Vista Search

Learn more about the Instant Search capabilities described in Lesson 1 and how to use them in other areas of Vista.
You already got a taste of Windows Vista’s new Instant Search capabilities in Lesson 1. Now let’s take a closer look at this tool, which makes finding what you need blissfully easy.
For starters, the Instant Search box is downright ubiquitous in Vista, appearing not only in the Start menu (see Lesson 1), but also in Control Panel, Windows Media Player, Windows Explorer, and even certain Vista applications (mostly notably Contacts and Windows Mail).

Two key concepts
There are two key things you’ll want to understand about Instant Search. First, it’s context-sensitive, meaning it begins its search wherever it’s being run. When you search inside the Start menu, for instance, the tool looks for applications first–the items most

closely associated with that instance of Instant Search. Search in Control Panel and you’ll see Control Panel results ahead of any others.

Second, Instant Search is dynamic: It works as you type, narrowing the results a bit further with each letter (or number) you add to the search string. Type “mo,” for instance, and you’ll immediately see all documents, applications, and other items that contain those letters. Keep typing, however, until you get to “monthly,” and your search will narrow considerably.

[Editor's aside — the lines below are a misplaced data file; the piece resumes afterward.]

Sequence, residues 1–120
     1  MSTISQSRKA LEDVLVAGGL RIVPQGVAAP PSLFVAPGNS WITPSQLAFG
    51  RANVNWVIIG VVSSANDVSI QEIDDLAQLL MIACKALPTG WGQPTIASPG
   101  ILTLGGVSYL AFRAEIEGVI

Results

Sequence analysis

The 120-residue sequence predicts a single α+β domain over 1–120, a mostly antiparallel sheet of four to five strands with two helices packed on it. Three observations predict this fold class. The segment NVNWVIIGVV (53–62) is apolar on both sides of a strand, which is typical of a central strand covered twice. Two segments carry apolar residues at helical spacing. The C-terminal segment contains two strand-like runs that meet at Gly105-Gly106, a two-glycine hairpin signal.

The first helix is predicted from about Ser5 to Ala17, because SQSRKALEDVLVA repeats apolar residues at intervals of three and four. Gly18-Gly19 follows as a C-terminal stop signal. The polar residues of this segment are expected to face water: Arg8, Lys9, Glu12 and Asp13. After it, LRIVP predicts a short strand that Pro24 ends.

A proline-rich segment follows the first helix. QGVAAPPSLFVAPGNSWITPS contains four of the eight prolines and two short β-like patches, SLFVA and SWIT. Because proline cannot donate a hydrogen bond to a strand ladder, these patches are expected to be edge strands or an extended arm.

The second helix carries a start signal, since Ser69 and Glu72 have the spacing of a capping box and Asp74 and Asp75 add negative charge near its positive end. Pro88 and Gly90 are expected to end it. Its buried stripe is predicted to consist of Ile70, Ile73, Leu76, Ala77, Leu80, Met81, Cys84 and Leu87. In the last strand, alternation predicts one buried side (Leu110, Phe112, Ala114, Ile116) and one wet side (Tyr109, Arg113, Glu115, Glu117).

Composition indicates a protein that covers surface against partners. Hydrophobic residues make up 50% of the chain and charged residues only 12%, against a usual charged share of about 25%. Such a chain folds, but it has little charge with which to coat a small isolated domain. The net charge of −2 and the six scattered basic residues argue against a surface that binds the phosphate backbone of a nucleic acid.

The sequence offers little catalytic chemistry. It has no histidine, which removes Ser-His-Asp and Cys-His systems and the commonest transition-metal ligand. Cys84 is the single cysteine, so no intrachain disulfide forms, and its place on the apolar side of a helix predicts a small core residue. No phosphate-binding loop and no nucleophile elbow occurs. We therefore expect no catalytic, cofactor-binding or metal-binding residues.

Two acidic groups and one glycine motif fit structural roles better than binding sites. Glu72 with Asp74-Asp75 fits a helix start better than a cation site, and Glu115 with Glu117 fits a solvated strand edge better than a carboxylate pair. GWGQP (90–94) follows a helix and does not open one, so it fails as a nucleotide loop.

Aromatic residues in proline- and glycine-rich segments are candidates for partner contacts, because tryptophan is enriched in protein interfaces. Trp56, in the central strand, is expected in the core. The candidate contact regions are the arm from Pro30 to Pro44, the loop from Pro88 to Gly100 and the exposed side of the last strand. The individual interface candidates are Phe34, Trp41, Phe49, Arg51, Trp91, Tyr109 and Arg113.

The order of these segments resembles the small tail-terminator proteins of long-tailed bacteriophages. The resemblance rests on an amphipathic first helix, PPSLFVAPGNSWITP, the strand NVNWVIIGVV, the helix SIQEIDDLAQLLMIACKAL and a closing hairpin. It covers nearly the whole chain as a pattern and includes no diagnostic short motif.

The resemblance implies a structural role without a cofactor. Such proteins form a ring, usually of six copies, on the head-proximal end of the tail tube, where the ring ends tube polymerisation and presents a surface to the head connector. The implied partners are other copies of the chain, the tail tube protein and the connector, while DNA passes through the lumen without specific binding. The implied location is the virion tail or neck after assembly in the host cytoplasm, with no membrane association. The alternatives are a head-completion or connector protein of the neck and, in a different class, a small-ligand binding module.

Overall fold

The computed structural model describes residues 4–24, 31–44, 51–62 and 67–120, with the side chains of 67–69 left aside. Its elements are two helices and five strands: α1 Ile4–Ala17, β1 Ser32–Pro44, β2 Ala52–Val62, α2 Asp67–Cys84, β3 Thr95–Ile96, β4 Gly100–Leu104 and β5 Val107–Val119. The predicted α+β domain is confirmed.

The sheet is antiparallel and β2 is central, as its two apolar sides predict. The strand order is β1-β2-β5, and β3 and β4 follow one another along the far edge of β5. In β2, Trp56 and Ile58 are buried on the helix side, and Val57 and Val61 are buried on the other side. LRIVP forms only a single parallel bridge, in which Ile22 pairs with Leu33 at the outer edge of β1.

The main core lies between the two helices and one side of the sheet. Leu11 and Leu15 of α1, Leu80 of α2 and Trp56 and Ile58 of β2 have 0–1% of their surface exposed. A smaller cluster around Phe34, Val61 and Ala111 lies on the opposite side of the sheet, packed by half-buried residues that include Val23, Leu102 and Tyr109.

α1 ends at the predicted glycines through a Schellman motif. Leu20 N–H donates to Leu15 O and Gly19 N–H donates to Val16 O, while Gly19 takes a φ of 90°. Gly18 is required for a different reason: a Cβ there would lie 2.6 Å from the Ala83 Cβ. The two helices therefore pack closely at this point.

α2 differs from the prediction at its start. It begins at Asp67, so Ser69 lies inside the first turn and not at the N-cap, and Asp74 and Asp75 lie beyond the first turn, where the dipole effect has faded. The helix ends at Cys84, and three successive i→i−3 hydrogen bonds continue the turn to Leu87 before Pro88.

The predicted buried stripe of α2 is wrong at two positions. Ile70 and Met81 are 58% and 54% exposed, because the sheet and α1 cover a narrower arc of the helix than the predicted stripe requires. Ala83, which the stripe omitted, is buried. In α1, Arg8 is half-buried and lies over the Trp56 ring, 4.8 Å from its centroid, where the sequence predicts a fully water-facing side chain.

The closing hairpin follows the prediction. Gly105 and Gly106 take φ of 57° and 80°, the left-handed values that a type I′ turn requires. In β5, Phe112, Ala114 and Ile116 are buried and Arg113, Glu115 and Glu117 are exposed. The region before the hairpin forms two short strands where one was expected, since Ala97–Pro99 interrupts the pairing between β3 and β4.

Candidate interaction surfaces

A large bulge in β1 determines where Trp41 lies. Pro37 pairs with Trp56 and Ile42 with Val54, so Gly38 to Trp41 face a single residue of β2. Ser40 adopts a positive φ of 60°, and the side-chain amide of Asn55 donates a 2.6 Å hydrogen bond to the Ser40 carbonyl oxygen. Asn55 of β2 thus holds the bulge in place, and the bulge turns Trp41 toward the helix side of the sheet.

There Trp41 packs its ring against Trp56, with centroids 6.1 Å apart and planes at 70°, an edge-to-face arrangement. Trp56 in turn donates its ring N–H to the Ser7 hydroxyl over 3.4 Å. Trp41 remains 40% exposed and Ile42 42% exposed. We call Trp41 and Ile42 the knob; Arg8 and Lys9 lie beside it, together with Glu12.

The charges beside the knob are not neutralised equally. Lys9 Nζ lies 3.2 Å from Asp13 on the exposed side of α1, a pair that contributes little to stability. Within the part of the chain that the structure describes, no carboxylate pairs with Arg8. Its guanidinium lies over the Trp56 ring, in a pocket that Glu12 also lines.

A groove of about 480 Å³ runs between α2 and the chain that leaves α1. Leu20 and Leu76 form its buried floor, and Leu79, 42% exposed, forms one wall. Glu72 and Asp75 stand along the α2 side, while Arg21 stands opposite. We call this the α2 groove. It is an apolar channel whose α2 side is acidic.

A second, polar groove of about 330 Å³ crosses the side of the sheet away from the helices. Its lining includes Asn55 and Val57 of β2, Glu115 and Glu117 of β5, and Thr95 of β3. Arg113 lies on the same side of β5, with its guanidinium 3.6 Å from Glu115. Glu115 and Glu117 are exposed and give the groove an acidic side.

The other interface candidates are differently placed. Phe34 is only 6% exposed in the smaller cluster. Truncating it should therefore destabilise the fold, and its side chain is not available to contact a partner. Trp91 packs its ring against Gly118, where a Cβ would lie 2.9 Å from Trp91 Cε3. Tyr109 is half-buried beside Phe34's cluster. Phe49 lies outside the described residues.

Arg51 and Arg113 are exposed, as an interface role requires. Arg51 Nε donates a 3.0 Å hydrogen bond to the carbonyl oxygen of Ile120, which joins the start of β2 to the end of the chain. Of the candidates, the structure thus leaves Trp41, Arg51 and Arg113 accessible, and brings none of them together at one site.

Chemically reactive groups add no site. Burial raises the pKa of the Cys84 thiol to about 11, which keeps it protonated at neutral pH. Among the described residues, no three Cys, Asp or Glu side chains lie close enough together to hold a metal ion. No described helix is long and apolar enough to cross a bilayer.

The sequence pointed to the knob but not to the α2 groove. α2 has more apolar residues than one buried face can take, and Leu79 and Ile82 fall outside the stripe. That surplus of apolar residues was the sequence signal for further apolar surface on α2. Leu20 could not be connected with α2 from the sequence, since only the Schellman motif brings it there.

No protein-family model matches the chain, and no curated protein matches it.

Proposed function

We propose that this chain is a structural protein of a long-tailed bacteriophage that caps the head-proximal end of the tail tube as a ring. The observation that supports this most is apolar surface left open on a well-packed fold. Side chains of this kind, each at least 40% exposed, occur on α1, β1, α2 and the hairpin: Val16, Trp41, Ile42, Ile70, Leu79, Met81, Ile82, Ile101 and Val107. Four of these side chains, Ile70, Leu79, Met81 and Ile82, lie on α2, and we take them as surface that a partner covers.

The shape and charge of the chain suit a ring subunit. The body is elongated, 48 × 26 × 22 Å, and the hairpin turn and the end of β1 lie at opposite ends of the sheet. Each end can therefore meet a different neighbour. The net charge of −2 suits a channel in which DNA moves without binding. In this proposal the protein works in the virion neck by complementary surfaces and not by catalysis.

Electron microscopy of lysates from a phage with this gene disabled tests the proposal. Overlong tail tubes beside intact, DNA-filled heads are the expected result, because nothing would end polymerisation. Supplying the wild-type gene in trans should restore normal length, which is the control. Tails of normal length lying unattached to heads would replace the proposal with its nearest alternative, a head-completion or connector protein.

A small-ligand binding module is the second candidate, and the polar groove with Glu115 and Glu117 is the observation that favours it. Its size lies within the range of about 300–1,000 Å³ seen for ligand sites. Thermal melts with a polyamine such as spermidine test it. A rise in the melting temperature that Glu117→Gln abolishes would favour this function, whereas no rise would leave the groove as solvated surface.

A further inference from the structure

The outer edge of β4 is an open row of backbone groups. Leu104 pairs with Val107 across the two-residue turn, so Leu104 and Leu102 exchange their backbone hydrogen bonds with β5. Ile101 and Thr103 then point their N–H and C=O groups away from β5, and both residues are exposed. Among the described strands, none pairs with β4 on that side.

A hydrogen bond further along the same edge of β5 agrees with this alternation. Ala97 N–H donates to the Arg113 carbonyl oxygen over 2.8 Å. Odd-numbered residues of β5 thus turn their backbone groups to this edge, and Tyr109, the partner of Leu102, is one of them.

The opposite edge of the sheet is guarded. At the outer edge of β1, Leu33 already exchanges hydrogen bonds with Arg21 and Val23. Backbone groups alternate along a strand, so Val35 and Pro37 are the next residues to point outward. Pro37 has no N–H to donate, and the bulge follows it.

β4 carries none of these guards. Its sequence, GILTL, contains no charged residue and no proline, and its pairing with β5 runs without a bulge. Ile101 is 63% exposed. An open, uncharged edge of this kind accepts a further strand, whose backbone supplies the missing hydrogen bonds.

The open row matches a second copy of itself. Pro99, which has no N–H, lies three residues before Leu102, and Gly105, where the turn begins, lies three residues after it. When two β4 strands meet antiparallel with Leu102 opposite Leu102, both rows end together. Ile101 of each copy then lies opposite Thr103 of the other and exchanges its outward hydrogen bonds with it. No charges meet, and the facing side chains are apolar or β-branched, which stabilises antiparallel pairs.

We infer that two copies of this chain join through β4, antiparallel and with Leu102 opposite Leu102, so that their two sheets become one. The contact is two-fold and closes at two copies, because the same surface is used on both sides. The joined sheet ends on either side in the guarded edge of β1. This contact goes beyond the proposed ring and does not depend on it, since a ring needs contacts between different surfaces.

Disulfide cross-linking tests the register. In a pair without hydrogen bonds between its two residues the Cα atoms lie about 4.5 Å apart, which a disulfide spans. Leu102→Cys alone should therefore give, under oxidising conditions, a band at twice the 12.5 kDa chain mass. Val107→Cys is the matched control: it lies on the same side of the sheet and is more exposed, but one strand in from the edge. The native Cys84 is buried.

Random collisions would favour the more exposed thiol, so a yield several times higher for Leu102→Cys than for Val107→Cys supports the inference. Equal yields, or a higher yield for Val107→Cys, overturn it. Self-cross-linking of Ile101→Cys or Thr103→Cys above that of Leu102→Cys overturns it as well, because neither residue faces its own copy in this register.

To see Instant Search in action, click Start and then click Search in the right-hand pane. This will open Vista’s basic Search window, which you can use to find, well, just about anything on your PC. Notice the “show only” buttons across the top; click one to quickly filter your search results.
After you’ve completed a search, click the Save Search button to save the results in a Virtual Folder. This folder contains no actual files, only the results of your search. It’s dynamically updated, too: The next time you view the folder, it will show any items that have changed.

Just one question: Why didn’t Microsoft put an Instant Search box on the desktop? Here’s hoping that oversight gets remedied in Service Pack 1!

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